The NASW bookstore sells books, music, video, software, and other merchandise via Amazon.com. Every purchase you make on Amazon can support NASW programs and services: Just go to https://www.nasw.org/amazon when you start your shopping. Books featured below were written by NASW members or reviewed in ScienceWriters magazine. Appearance here does not indicate endorsement.

Luba Vikhanski

Around Christmas of 1882, while peering through a microscope at starfish larvae in which he had inserted tiny thorns, Russian zoologist Elie Metchnikoff had a brilliant insight: What if the mobile cells he saw gathering around the thorns were nothing but a healing force in action? Metchnikoff’s daring theory of immunity — that voracious cells he called phagocytes formed the first line of defense against invading bacteria — would eventually earn the scientist a Nobel Prize, shared with his archrival, as well as the unofficial moniker “Father of Natural Immunity.” But first he had to win over skeptics, especially those who called his theory “an oriental fairy tale.”

Heather Hansen

Most people who have stood beneath a redwood, necks craned to see its top 300 feet rising far above; or who have heard ghostly whispers of residents long-past among the burnt-red cliff dwellings of Mesa Verde; or who have climbed the stairs to gaze out from the Statue of Liberty's crown, would agree that our National Park system is a source of pride and wonder.

David Zimmerman

SANKOFA? How Racism and Sexism Skewed New York’s Epochal Black Research Project is an investigative report on an important - and costly - anthropological study that failed. The research was on bones dug up from a black slave cemetery in New York City. The city's current black population - the “Descendant Community” - was promised key information about their ancestors and antecedents. But little was provided.

Steve Nadis, Shing-Tung Yau

In the twentieth century, American mathematicians began to make critical advances in a field previously dominated by Europeans. Harvard's mathematics department was at the center of these developments. A History in Sum is an inviting account of the pioneers who trailblazed a distinctly American tradition of mathematics — in algebraic geometry and topology, complex analysis, number theory, and a host of esoteric subdisciplines.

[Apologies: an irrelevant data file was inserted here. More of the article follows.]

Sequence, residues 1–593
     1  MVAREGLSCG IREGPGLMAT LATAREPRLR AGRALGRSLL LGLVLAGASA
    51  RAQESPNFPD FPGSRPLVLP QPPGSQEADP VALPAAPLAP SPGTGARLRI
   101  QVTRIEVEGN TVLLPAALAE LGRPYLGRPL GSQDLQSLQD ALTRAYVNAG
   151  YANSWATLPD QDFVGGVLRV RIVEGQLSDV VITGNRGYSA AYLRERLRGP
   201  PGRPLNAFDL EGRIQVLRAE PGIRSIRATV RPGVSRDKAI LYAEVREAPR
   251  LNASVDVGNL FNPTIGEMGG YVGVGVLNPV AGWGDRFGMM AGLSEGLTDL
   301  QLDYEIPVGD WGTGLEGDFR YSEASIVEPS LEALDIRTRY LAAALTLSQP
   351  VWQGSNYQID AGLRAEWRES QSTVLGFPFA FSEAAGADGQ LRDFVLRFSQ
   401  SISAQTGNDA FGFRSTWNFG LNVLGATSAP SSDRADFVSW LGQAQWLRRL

Mark Pendergrast

Author Mark Pendergrast looks at America’s cultural, social, and economic history through the bottom of a green glass Coke bottle and tells the captivating story of the world’s most recognizable consumer product. The tale begins with John Pemberton, a morphine-addicted Atlanta pharmacist who, in 1886, invented Coca-Cola as a hangover cure and treatment for “neurasthenia” and ends with a company unchallenged in its global dominance.

David B. Williams

At the most basic level, a cairn is a pile of rocks. But this definition doesn’t do justice to the myriad shapes and sizes of cairns found around the globe. Nor does it convey the many reasons that people have piled up stones for thousands of years, according to Seattle freelance David Williams. Cairns can indicate a trail, mark a grave, serve as altar or shrine, and reveal good hunting grounds and territorial boundaries.

Kevin Begos Danielle Deaver, John Railey, and Scott Sexton

The authors are investigative reporters, all of whom (except Begos) work for North Carolina’s Winston-Salem Journal. In this book, they reveal a shocking and recent eugenics program in which for more than 40 years, North Carolina ran one of the nation’s largest and most aggressive sterilization programs. It expanded after World War II, even as most other states pulled back in light of the horrors of Hitler’s Germany.